If I address myself to any here who are in such trouble as I have described, let me press upon them this thought-the onlyplace of refuge for you is in God as He reveals Himself in Christ Jesus. Hasten to Him! Lay hold upon His strength! Hide underthe wings of His care! For, first, there is no help anywhere else. Read verse 22-"Are there any among the vanities of theGentiles that can cause rain?" He says not "the gods of the Gentiles"-those who were "gods" in better days are seen to be,in truth, nothing but vanities in the time of need.

To make rain is a Divine prerogative. Therefore the priests of the idols pretend to it for their false deities. The Rainmakeris found in every idolatrous country, but I think scarcely anybody believes in him, now. What antics and tricks the Rain-makersgo through to produce rain but it does not come, neither can their gods create a cloud! And where can any of you go to getDivine Grace if you refuse to look to God alone? There is a Rain-maker over there at the Ritualistic Church, who can producea shower on the child's heart, by which it becomes "a member of Christ, a child of God and an inheritor of the kingdom ofHeaven."

But I trust you are not so foolish as to believe in him. And therefore you will not make a fruitless journey towards priest-craft.Where will you go? Come not to any of us poor gospelers, for in us you will find nothing-we are only fingers to point youto the Lord Jesus, in whom all fullness dwells. The long-descended priest of the Church of Rome, who can, for a shilling,grant you absolution-will you look to him? No, you have still some wit remaining and feel that to be absolved of man willnot ease your conscience. Priests of Baal are of small account when a total drought and a terrible dearth are in the land.

In the days of Elijah they cried aloud and cut themselves with knives and said, "O Baal, hear us! O Baal, hear us!" But onlythe God that answered by fire could answer by water. And Baal could do neither the one nor the other. Therefore we will leaveBaal alone and all the prophets of the grove, with their candles and their crucifixes and their incense and their robes. Iknow where you are likely to go and that is to your own frames and feelings, to your own resolves and doings. Alas for yourfolly! Oh, yes, you want to get peace, and so you take the pledge, and you vow that you will become a decent, sober body andall that. What are these confidences but vanities of the heathen? The very best of duties that you and I can perform, if weput our trust in them, are only false confidences, refuges of lies and they can yield us no help.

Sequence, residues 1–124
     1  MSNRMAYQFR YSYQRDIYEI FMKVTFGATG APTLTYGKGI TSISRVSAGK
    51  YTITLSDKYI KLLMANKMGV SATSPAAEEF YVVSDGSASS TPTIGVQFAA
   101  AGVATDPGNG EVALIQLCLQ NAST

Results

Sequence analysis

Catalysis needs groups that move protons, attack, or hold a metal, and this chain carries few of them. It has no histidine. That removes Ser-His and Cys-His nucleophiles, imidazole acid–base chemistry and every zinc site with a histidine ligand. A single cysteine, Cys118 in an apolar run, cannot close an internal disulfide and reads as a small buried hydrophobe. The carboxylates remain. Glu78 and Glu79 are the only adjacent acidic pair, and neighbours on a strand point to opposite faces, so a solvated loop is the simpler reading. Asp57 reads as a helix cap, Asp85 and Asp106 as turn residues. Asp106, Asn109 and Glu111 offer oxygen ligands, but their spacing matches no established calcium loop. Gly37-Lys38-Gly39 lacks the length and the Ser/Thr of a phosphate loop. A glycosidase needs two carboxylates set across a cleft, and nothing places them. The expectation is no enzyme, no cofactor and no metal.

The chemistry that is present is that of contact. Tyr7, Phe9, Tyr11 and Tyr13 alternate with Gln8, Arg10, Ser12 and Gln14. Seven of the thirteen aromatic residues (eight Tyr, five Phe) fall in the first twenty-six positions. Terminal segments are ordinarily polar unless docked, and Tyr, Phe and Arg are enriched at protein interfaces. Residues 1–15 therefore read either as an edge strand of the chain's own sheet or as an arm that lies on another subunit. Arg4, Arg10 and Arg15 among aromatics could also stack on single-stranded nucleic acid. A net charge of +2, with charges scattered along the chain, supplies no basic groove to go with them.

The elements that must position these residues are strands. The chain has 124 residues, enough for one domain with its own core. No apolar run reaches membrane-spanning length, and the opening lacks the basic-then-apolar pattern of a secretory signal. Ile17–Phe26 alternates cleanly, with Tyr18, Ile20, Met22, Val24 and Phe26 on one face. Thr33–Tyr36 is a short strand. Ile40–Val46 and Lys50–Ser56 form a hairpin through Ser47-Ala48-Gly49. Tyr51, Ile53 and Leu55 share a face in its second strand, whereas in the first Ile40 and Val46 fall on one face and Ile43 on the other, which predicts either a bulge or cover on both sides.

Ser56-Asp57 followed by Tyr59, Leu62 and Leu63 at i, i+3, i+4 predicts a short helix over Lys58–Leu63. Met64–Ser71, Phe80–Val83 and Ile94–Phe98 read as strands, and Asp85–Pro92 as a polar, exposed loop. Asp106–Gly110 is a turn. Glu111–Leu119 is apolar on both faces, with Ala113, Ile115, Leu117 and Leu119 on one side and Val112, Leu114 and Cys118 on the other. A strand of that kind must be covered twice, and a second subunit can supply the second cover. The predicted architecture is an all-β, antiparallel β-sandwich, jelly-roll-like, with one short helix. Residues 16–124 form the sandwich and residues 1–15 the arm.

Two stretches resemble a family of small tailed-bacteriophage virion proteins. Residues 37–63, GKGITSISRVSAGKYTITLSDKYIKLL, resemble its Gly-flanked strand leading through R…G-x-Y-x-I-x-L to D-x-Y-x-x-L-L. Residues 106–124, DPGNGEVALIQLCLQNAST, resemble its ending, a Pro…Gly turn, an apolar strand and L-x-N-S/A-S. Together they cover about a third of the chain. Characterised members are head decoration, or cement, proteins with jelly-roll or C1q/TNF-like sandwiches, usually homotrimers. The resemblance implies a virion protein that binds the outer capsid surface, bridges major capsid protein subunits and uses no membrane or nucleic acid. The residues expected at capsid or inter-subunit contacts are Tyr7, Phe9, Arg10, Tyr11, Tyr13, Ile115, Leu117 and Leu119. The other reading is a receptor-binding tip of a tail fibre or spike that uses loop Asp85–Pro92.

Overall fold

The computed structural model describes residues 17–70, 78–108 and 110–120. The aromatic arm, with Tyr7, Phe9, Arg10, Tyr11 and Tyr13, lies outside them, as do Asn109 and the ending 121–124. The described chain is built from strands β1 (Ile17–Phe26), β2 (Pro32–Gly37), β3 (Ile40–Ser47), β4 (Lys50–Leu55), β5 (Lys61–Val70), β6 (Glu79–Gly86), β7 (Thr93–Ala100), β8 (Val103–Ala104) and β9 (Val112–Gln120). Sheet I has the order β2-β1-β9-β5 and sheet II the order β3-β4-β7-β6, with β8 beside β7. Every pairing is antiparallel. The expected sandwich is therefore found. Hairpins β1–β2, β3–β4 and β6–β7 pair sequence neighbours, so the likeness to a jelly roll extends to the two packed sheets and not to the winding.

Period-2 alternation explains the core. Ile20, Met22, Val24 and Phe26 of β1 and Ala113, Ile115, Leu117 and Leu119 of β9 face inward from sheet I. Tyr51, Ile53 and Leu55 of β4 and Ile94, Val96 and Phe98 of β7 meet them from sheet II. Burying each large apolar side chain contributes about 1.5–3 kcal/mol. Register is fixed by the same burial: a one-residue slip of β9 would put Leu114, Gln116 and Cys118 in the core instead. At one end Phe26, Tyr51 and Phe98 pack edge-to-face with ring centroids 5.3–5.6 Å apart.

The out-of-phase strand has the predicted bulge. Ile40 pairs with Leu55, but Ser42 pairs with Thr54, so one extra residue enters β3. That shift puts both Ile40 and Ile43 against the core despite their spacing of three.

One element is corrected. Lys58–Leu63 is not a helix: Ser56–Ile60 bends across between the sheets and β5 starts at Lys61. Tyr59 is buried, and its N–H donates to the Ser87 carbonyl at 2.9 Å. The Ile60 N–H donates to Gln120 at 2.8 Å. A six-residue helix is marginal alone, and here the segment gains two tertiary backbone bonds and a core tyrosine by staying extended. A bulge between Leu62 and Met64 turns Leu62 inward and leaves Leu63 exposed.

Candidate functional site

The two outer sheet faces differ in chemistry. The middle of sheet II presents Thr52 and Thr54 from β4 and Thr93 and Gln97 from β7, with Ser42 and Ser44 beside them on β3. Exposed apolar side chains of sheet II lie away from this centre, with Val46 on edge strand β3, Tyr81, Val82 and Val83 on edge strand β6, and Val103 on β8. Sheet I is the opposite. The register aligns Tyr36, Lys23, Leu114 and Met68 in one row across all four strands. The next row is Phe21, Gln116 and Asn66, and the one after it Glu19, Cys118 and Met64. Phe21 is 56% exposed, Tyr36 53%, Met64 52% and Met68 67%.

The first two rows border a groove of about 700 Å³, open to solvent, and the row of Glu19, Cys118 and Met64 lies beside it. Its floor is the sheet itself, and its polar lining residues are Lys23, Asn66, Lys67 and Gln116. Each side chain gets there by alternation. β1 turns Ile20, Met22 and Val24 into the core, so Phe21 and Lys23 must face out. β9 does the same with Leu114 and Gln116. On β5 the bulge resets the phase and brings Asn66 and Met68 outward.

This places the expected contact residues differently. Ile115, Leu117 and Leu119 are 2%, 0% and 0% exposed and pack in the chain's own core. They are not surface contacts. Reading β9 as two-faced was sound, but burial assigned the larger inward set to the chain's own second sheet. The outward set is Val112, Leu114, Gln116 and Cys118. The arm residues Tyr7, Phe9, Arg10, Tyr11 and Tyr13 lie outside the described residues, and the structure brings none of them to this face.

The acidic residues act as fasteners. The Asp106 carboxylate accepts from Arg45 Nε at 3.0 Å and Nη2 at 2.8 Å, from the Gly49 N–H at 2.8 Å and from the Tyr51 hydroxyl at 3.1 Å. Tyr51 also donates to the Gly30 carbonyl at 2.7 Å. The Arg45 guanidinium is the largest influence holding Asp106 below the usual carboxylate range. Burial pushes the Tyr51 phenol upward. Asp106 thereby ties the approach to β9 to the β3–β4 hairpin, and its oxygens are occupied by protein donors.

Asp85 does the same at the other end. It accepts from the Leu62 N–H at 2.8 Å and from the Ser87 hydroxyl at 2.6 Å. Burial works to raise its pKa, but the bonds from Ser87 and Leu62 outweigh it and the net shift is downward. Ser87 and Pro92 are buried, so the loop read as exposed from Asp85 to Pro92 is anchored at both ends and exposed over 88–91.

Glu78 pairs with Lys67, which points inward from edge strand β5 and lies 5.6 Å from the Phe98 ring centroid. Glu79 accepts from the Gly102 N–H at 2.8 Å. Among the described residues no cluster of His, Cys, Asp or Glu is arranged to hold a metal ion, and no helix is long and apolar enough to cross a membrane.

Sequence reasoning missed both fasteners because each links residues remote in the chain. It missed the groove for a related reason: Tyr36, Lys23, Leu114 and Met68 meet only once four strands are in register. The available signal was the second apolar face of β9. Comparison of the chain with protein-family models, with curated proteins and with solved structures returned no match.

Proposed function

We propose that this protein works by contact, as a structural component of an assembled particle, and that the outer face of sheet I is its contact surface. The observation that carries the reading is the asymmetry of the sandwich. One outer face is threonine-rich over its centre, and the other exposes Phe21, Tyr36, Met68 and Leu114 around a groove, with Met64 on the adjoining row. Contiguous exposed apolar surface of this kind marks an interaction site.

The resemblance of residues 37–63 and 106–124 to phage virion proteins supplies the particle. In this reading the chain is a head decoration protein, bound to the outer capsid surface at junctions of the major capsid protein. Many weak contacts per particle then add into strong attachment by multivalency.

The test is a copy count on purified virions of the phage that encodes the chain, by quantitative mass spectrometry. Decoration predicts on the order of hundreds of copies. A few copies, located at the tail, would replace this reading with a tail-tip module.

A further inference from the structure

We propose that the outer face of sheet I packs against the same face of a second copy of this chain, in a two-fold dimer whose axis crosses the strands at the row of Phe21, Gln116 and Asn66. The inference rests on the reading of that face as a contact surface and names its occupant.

No, look-according to the text there is no help for us even in the usual means of Divine Grace if we forget the Lord. Readthat second question-"Can the heavens give showers?" Showers come from the heavens but the heavens cannot yield showers apartfrom God. The eastern sky, without rain, is blue, bright, beautiful. But after months of pitiless drought, when no tear ofpity has stood in the eye of the heavens, the blue color becomes the ensign of melancholy. And if this continues month aftermonth it becomes the color of despair.

Until the Lord opens the windows of Heaven to pour out the blessing, neither sun, nor moon, nor stars can help the need ofman. If God does not help you, O tried and anxious Soul, the sacraments are all in vain, though they are ordained of Heaven.And preaching and reading, liturgy and song, are all in vain to bring the refreshing dew of Divine Grace. Job truly says,"If God will not withdraw His anger, the proud helpers do stoop under Him." If God Himself save you not, O